Shabbat Ki Tavo
the donkey, the candle and the rooster
In case you missed tonight’s story and discussion on Ki Tavo:
There once was a rabbi named Akiva. He was known for being an excellent student of Torah and an optimistic guy. Whenever anything unpleasant happened, he would always say, “Gam zeh l’tovah,” meaning “this too is for a good reason.” One day Rabbi Akiva set out on a journey with only the most basic travel essentials—no, not the tiny tube of toothpaste or travel-sized deodorant that we bring on trips today. All he brought was a donkey, a candle, and a rooster. The donkey was his main form of transportation, the candle was so he could study Torah late into the night, and the rooster was to wake him up in the morning.
After a long day of traveling, Rabbi Akiva arrived at a gated city. He went deep into the city and inquired at every inn about vacancies. (This was before you could make advanced hotel reservations online.) Everyone sent him away, and Akiva had no option except to sleep in a field outside of the city. As he walked out to the field, he said to himself, “Gam zeh l’tovah – this too is for a good reason.”
Shortly before sunset, Akiva made himself a pillow out of wild grass and found rocks to light his candle. It wasn’t easy to light the candle, but he managed to do everything he needed before nightfall. He lit the candle, tied his donkey to a tree, gave some grain to the rooster, and even reviewed the Torah lesson he had learned earlier that week before nodding off.
Shortly after falling asleep, he awoke to a horrifying sound. Akiva lifted up his candle and saw that a lion had come and attacked his donkey. The poor donkey didn’t stand a chance, and quickly became a midnight snack for the lion. Akiva laid perfectly still and quietly thanked God that he was still alive. He could have been a second midnight snack for the lion, but he was safe. “Gam zeh l’tovah,” he said, “This too is for a good reason.”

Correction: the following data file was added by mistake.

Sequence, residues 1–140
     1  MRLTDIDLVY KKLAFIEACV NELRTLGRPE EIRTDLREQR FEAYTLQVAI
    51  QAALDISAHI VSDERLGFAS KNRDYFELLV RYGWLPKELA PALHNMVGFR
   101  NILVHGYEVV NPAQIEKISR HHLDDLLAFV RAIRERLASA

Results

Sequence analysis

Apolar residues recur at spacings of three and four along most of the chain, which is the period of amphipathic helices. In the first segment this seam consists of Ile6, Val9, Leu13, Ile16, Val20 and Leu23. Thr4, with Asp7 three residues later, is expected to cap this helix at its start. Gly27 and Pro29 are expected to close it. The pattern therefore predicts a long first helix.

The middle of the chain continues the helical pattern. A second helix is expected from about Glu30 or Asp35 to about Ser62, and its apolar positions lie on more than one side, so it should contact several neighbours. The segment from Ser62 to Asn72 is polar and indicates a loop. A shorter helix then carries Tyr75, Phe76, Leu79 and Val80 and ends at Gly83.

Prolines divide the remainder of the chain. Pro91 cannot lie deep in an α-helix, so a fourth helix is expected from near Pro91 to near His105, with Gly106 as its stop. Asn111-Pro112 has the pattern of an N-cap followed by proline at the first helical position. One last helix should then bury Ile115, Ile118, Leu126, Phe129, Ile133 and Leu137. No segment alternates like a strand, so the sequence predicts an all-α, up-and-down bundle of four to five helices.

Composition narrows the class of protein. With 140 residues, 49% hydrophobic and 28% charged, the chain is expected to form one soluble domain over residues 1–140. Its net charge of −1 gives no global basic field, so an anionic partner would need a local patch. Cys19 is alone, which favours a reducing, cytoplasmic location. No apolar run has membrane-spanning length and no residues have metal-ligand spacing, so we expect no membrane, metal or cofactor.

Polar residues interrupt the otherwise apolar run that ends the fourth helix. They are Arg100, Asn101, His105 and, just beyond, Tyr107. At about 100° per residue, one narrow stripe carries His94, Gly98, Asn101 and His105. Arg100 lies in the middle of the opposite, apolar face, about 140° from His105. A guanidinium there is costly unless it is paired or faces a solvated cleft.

After watching the lion leave, Akiva fell back asleep and was woken again to a strange rustling sound. A weasel had now come for his rooster. Akiva tried to protect his rooster, but the weasel was too quick for him to catch. Now Akiva had no rooster. But he still had hope. “Gam zeh l’tovah,” he said, “This too is for a good reason.”
Just then a howling wind started to blow. Of course, it extinguished the candle that Akiva had worked so hard to light. Everything he had worked for was gone, but Akiva still said, “Gam zeh l’tovah” before falling back asleep in the dark and lonely field.
When Akiva woke up the next morning, he smelled smoke. He looked over at where the city gates were yesterday and saw charred stones and piles of ashes. Robbers had come in the middle of the night, raided, pillaged, and enslaved the inhabitants before burning the city down. If Akiva had been in the city that night, he could have been killed or enslaved. If his candle had been lit, or his animals had been making noise in the field, the robbers might have found him out there and made him a slave, too. Akiva was filled with awe as he said once again, “Gam zeh l’tovah. Indeed, every seeming misfortune was for a good reason.”
This week’s Torah portion ends with a series of blessings and curses. Rabbi Gunther Plaut, a prominent Reform Torah scholar, suggested that there is not a strong difference between these blessings and curses in the Torah. The curses are merely the inverse of the blessings, and vice versa.
In light of this interpretation and story, I have two questions for us to discuss:
- What do you think about the difference between blessings and curses? Are they merely the inverse of the other? Or is it a matter of perspective as in Akiva’s story? As in the same thing can seem like a blessing or a curse, depending on one’s perspective?
- If you were trying to encourage people to follow the rules of the Torah, would you include more blessings or more curses to motivate people? Do you think most people respond better to positive incentives or negative consequences? Why?